Lynn Shiner heard the news as she drifted off to sleep Sunday night, and when she awoke yesterday morning, she thought maybe she had dreamed it. A few taps on the keyboard, though, confirmed that the crime, however nightmarish, was no dream.
Three children killed in a Baltimore hotel room, allegedly by their father, who had been engaged in a pitched custody battle with his estranged wife.
"I see a judge denied her request," Shiner said, referring to a petition for a protective order that the children's mother, Amy Castillo, had filed against their father a couple of years ago after this threat: "He ... did tell me that the worst thing he could do to me would be to kill the children and not me so I could live without them."
The judge rejected the request, saying there was no evidence of abuse.
No, sometimes the first sign of abuse is the dead body. Or in this case, three little dead bodies, of Anthony, 6, Austin, 4, and Athena, 2, drowned one by one in the bathtub of a 10th-floor room at the Baltimore Marriott Inner Harbor on Saturday evening. Their father, Mark Castillo, 41, called the front desk the next afternoon, police said, and told the clerk he had killed them and was going to do himself in as well. After treatment for minor knife wounds to his neck, he was charged yesterday afternoon with killing them.
For Shiner, who lives in Harrisburg, Pa., the killings are no less shocking for the familiarity of their circumstances.
"I had a judge who said to my face, 'Just because he hurt you doesn't mean he'll hurt the kids,'" Shiner said.
But Shiner - and now Amy Castillo - knows all too well that the kids can become collateral damage in their parents' war.
"If you really want to hurt someone, you hurt someone they care about," Shiner said. "There isn't anything worse."
On Christmas Day 1994, Shiner went to pick up her kids, Jennifer, 10, and David, 8, from their father's house, where they had spent the previous night.
"He didn't see them that often, but he was allowed to see them at Christmas, and keep them overnight," she said of her former husband, Tom Snead, whom she had divorced two years earlier.
There was no answer when she knocked on the door of his house, and she eventually called the police. They found the children tucked in their beds, stabbed to death. Snead was dead on a sofa, a knife in his hand.
Shiner went on to channel her grief into action - she managed to get the "Jen and Dave Law" enacted in Pennsylvania to address the particular circumstances of her tragedy. She discovered that Snead had been arrested shortly before the killings for stalking another woman, but Shiner was never told about the crime - and had she known, she says, she never would have left the children with him. The law named after her children now gives parents involved in custody cases access to such information, and it can be used in decisions about visitation rights.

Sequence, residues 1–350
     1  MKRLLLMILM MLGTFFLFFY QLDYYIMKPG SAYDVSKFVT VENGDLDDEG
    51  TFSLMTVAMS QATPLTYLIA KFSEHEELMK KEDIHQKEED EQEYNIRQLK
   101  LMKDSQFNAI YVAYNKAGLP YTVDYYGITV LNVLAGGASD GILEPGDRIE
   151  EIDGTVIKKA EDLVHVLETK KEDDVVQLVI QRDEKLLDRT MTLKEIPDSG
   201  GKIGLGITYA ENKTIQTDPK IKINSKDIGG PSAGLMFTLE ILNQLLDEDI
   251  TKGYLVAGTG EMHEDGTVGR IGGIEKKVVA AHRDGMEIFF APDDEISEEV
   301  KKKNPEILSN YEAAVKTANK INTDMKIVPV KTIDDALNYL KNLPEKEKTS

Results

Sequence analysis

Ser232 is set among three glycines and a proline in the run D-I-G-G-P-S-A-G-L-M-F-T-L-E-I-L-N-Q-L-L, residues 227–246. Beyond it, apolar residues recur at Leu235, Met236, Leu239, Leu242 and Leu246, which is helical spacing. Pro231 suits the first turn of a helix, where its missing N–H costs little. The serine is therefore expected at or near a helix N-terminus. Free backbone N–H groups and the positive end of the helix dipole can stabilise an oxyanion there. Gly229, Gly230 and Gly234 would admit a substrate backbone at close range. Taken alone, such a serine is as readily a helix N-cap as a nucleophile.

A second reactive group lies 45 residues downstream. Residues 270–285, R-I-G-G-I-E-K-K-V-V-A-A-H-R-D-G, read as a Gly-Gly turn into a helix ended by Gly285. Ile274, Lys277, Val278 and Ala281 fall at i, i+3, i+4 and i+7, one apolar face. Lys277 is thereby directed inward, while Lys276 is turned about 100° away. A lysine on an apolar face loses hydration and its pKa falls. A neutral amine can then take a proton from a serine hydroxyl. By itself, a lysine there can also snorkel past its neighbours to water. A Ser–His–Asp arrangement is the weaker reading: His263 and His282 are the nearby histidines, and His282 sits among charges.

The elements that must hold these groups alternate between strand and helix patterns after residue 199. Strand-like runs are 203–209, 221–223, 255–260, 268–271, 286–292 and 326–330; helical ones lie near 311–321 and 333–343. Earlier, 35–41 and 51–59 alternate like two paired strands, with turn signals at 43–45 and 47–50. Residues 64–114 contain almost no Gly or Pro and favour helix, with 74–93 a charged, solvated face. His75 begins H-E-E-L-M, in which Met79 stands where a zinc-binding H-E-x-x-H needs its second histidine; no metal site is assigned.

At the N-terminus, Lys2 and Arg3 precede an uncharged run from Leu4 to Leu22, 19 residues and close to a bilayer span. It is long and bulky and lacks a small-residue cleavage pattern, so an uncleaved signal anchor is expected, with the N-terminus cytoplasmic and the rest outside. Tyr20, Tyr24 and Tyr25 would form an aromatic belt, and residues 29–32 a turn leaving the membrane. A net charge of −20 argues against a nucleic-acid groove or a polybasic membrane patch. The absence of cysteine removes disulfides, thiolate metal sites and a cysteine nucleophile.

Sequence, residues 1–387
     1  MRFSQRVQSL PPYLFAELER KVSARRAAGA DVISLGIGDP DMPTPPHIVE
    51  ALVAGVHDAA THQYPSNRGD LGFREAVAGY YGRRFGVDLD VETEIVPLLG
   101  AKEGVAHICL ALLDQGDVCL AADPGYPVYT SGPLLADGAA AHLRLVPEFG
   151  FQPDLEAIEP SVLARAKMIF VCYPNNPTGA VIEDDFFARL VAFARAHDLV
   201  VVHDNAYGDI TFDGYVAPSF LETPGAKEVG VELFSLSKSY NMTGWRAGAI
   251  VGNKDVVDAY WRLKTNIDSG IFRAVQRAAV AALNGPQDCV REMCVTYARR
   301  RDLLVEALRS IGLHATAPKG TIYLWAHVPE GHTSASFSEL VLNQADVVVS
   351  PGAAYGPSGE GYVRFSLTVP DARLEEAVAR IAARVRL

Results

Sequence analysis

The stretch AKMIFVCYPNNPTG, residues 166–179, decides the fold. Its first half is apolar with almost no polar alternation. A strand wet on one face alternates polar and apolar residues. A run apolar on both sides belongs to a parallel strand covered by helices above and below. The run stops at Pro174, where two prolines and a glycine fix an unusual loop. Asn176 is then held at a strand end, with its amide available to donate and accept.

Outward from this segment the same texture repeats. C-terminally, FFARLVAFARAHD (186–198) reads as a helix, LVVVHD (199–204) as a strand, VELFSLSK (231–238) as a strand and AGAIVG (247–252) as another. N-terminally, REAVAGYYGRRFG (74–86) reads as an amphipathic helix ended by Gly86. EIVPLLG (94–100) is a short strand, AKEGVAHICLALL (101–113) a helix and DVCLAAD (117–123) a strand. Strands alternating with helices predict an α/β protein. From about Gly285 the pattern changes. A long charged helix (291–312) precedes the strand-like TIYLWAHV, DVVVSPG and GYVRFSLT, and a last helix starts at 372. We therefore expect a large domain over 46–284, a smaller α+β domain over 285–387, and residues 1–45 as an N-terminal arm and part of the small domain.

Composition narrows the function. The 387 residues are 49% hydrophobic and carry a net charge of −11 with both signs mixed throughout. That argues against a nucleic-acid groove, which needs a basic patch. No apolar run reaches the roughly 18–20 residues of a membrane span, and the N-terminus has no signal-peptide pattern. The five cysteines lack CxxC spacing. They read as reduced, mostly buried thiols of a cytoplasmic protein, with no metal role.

The Castillo case is obviously different, but Shiner said that many crimes of this nature share a similarity: Authorities often don't see the seriousness of threats made during divorce or custody proceedings. "They think people are just trying to hurt each other in a divorce," she said.
They often are - but then sometimes the children become the ultimate weapon.
This time, their names are Anthony, Austin and Athena Castillo. Last Thanksgiving, they were David, 12, Meagan, 10, and Brandon, 6 - the Brockdorff children who were killed by their father in a Montgomery County park as their mother was handing them over for a holiday visit required by the terms of their divorce. David Brockdorff also killed his former wife, Gail Pumphrey, as well.
In 1999, they were Destiny, 3, and Richie, 2 - the Spicknall siblings whose father, Richard, shot them in the back seat of his Jeep on the Eastern Shore after picking them up from the home of his former wife's parents and telling them he was taking them on a trip to Ocean City.
This clash of domesticity and violence, of family holidays and sudden, intimate murder is what makes these crimes so crushing, so stomach-turning, so horrifying.
And so it was with the Castillo children's murders, the details of which began to emerge yesterday - how their father had picked them up Saturday morning at their mother's home in Silver Spring, how they'd driven in a Toyota van up to Baltimore, how they walked around the Inner Harbor and then checked into the Marriott Hotel.
Did they go to the aquarium? Did one of the boys ask, "Daddy, can we get a paddle boat?" Did they stop for ice cream at Lee's? Did they buy Orioles T-shirts? Did the little one get fussy walking on the brick promenades? Were they all tired, but happy, when they got to the room at the Marriott? It's painful to imagine the answers.
But the real questions lie in Montgomery County, where Mark and Amy Castillo live, separately, and where thick court files document their bitter divorce proceedings. First and foremost: Why did this man, with his history of psychiatric problems and previous violations of the custody agreement, still have visitation rights?
Police are also reviewing the case, said Lt. Paul Starks, spokesman for Montgomery County police, to see if there was anything more they could or should have done after Amy Castillo called them, three times over the weekend, after her husband failed to return with the children.
Starks said police had no indication the children were in imminent danger and advised her that, because the custody dispute was a civil matter, she should "take her inquiries and questions to the court."
Given that it was the weekend, though, what could Amy Castillo have done as Saturday night turned into Sunday morning and, still, her children were missing?
"Not a lot," Starks said, "under the circumstances."
Not a lot at all. By 8:30 p.m. Saturday, the time Mark Castillo was supposed to return the children to her, they were already dead.